Split Schema

Split Schema

1) Rules in Rule Schema.

2) Data related in Data Schema.

Is there any reason why Pega want to keep Application related Data in "Data schema" instead in "Rules schema".

Case related data (Ex : Case Data, Attachments, Case History, Assignments) totally make sense to have it in Data schema.

Trying to find out rationale behind of storing Application related data(DSS, Data Tables etc) also in "Data Schema".



***Edited by Moderator Marissa to update platform capability tags****


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September 21, 2019 - 6:25am

The split schema provides flexibility and better organization of data and rules in the database level

The split schema is optional and you can have all the data in a single schema also.

The split schema is useful for having very less downtime while upgrading to the latest version of Pega platforms.

Apart from these, you can create third schema 'PegaCustomerData' as well which is optional.

It is always recommended to have split schema.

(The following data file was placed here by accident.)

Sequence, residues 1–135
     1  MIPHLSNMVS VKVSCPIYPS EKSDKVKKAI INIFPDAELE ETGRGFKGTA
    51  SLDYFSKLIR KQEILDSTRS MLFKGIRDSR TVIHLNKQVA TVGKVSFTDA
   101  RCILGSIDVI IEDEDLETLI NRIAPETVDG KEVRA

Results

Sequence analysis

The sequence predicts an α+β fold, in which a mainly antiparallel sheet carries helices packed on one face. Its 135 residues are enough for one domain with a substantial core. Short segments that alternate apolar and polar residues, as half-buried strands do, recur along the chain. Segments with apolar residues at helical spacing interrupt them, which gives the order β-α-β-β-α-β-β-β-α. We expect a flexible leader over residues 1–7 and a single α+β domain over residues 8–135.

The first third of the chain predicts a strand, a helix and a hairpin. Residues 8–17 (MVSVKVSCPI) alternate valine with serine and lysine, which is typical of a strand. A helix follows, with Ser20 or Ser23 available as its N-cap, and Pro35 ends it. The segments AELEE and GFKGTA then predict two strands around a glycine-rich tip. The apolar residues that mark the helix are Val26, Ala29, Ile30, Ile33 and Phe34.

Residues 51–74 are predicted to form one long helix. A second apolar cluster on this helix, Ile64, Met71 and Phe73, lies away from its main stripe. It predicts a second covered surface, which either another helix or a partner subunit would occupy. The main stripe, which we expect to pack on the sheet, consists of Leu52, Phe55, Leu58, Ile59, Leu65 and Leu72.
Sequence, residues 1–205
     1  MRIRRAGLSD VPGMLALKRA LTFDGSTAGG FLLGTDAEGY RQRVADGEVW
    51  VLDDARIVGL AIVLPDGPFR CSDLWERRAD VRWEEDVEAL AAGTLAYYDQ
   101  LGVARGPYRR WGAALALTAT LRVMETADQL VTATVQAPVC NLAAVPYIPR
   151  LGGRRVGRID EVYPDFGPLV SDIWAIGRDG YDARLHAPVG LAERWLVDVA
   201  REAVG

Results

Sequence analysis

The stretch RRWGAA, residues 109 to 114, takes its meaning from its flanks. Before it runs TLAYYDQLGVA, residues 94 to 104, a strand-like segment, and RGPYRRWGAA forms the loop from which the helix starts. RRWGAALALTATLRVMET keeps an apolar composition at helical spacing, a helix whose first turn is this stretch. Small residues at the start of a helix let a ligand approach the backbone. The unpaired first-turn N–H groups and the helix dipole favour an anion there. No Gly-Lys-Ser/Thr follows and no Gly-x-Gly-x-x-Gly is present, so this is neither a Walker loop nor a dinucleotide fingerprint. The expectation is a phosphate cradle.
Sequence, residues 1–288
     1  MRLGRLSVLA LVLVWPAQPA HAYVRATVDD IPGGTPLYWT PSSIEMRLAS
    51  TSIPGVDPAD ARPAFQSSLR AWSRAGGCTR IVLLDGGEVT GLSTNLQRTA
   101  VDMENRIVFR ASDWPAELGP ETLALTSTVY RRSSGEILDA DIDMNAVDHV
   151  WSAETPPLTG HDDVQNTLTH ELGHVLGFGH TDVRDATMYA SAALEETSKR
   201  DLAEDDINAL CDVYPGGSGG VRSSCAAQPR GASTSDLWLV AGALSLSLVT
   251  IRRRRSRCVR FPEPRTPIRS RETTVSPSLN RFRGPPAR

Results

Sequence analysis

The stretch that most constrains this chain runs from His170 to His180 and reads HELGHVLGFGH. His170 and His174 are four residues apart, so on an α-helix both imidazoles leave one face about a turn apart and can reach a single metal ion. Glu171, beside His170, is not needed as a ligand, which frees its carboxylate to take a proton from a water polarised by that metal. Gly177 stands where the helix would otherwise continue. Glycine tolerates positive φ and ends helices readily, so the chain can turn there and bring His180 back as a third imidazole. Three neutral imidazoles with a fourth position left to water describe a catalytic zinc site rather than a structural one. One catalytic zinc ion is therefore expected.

September 22, 2019 - 1:02am


 To achieve High availability & Minimum/No downtime during Pega upgrades or Updates, storing Application related data(DSS, Data Tables etc) also in "Data Schema". 


September 22, 2019 - 1:59am

“Split schema” refers to the idea of classifying the database tables used by PegaRULES into two categories: rules tables and data  tables.  The primary goal for this is to decrease the amount of time a system must be unavailable during an upgrade.  As such, this epic is a key part of the “high availability” goal.

The principle behind this idea is that rules change significantly from one release to the next, whereas data and work transcend releases.  During an upgrade, one would install a completely new set of rules tables, while keeping the data tables (essentially) untouched.  The system would be up and running during this time.  Once the system administrator is ready to “pull the trigger” and start using the new version he can then update the PegaRULES table mappings to point to the new rules schema.  This last step would require some downtime; but not as nearly as much as upgrades do today, when the system needs to be down during the whole upgrade process.